The First Amendment to the United States Constitution begins: “Congress shall make no law respecting an establishment of religion or prohibiting the free exercise thereof.” Taken as a whole, this statement has the aim of separating church and state, but tensions can emerge between its two elementsthe so-called Nonestablishment Clause and the Free Exercise Clauseand the values that lie beneath them.
If the government controls (or is controlled by) a single church and suppresses other religions, the dominant church’s “establishment” interferes with free exercise. In this respect, the First Amendment’s clauses coalesce to protect freedom of religion. But Kent Greenawalt sets out a variety of situations in which the clauses seem to point in opposite directions. Are ceremonial prayers in government offices a matter of free exercise or a form of establishment? Should the state provide assistance to religious private schools? Should parole boards take prisoners’ religious convictions into account? Should officials act on public reason alone, leaving religious beliefs out of political decisions? In circumstances like these, what counts as appropriate treatment of religion, and what is misguided?
When Free Exercise and Nonestablishment Conflict offers an accessible but sophisticated exploration of these conflicts. It explains how disputes have been adjudicated to date and suggests how they might be better resolved in the future. Not only does Greenawalt consider what courts should decide but also how officials and citizens should take the First Amendment’s conflicting values into account.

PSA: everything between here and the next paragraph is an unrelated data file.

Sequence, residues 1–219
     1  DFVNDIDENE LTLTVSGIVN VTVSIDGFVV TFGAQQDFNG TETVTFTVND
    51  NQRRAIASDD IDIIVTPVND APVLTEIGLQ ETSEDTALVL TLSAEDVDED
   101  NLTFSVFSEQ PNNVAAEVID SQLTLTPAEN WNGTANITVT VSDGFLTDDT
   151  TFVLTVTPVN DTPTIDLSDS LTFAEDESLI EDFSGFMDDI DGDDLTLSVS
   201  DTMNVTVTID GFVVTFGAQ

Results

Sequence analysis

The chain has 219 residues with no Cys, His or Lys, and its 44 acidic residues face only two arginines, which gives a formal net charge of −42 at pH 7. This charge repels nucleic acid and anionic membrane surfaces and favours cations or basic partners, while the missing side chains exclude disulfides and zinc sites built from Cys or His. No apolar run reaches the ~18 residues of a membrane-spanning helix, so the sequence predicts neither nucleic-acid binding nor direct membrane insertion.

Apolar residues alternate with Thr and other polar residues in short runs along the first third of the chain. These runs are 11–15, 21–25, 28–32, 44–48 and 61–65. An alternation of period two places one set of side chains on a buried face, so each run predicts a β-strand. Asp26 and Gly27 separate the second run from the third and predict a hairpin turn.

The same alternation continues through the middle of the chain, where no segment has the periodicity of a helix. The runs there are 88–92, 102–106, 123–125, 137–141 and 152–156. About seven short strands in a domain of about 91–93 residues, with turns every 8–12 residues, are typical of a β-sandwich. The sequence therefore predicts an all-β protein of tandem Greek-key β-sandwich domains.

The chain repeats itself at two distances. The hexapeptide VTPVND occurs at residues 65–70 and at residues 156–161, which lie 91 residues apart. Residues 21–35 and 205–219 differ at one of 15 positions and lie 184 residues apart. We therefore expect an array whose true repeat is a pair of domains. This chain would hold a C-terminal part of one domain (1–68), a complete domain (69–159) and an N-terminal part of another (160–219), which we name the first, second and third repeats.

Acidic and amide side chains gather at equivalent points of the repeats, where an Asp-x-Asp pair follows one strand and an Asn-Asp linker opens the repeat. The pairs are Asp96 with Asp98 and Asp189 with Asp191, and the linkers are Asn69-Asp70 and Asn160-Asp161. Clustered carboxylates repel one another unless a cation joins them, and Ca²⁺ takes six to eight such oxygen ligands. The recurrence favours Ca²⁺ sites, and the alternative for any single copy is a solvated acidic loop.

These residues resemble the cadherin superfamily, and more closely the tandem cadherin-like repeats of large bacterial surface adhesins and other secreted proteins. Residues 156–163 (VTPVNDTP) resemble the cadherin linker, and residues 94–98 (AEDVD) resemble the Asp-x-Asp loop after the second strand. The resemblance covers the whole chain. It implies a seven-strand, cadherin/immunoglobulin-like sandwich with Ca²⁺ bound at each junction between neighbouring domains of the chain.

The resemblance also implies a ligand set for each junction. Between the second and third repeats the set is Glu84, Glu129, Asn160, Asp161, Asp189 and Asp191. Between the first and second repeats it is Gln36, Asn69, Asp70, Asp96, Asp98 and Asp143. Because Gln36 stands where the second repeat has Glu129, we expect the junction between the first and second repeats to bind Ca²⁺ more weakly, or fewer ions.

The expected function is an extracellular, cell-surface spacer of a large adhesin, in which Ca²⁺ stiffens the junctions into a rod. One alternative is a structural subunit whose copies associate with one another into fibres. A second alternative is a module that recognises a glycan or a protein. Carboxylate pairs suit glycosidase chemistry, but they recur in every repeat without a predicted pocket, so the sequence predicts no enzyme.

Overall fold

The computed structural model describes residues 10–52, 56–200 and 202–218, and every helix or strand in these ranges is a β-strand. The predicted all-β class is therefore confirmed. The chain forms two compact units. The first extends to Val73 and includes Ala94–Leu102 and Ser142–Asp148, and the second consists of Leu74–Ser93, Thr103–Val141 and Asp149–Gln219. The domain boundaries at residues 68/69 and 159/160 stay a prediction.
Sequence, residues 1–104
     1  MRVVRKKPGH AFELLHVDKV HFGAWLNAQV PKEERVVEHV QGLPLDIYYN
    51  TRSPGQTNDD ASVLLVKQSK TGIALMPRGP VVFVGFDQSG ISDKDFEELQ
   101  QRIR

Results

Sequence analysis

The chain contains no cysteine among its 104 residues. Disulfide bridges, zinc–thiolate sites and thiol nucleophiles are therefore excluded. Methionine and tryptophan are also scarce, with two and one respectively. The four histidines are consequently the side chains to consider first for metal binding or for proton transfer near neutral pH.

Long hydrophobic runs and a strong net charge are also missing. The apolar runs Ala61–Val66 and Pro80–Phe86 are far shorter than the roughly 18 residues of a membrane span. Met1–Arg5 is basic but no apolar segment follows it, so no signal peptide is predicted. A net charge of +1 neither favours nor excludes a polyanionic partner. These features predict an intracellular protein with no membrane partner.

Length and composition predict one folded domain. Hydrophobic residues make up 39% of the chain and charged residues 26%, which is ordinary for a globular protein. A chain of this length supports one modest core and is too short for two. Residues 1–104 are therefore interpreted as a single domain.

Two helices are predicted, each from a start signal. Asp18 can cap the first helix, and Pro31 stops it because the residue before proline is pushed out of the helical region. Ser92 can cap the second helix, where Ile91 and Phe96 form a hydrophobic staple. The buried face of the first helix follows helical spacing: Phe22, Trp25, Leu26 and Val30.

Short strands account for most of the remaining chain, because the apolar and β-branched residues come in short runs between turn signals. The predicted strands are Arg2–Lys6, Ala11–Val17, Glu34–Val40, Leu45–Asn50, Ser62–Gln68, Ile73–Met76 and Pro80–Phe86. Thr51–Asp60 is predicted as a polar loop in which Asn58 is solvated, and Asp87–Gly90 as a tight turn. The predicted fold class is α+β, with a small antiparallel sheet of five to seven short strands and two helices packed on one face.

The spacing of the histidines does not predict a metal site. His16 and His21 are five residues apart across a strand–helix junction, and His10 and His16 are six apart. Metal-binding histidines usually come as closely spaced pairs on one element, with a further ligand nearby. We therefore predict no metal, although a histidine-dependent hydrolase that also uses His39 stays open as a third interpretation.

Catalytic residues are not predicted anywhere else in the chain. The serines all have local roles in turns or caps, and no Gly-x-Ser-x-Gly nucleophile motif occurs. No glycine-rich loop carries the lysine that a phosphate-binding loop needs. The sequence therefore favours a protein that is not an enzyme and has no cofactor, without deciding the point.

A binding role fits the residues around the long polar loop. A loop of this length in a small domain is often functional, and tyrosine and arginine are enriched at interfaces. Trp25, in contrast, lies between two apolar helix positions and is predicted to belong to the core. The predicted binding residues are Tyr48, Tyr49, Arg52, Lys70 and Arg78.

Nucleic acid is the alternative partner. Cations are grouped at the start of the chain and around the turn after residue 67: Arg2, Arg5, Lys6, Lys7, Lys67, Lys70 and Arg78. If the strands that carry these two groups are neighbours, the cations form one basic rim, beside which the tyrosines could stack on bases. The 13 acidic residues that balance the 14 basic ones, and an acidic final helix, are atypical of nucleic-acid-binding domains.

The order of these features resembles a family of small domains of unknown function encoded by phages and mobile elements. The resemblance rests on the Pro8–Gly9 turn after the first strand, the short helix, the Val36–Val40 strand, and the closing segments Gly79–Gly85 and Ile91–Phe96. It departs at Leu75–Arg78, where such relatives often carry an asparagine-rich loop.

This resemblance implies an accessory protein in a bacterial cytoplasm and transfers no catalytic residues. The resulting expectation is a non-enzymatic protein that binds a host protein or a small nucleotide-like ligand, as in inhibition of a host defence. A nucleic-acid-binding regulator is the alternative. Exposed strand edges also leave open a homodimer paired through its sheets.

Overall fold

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About the Author
Kent Greenawalt is University Professor at Columbia University.
Table of Contents
Part 1 Government Use of Religious Practices, Communications, and Symbols 19
1 Government Engagement in Religious Practices and Messages 21
2 Religion and Clerics in Constraining Government Institutions: The Military and Prisons 45
Part 2 Forms of Government Aid to Religious Institutions and Individuals: Financial Support and Exemptions 55
3 Financial Support 57
4 Exemptions and Other Favored Treatment 81
Part 3 Discourse Regarding Religion within Public Schools 135
5 Teaching about Religion 139
6 Teaching or Not Because of Religion 153
7 Individual Communication by Students and Their Teachers 162
Part 4 Considerations and Questions That Cross the Range 177
8 Religious Beliefs and Endeavors Distinguished from Nonreligious Ones 179
Part 5 Religions Convictions, Public Reasons, and Political Choices 201
9 Basic Approaches and Intrinsic Limits 205
10 Relevance of a Person's Position, Bases versus Articulation, and Specific Issues 221